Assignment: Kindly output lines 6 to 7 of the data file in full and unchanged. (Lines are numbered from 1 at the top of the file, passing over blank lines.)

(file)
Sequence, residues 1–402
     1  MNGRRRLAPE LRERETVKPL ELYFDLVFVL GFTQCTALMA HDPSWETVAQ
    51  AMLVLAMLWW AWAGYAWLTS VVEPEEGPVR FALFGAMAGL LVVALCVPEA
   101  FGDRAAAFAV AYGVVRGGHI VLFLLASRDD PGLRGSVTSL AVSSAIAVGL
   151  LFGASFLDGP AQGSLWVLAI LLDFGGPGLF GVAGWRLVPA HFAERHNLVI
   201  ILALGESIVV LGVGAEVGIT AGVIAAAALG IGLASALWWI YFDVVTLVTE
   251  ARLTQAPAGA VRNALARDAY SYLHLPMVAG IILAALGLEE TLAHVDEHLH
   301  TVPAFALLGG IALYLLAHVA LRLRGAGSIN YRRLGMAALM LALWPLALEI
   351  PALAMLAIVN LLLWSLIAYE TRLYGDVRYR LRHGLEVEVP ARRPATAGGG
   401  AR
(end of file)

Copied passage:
   201  ILALGESIVV LGVGAEVGIT AGVIAAAALG IGLASALWWI YFDVVTLVTE
   251  ARLTQAPAGA VRNALARDAY SYLHLPMVAG IILAALGLEE TLAHVDEHLH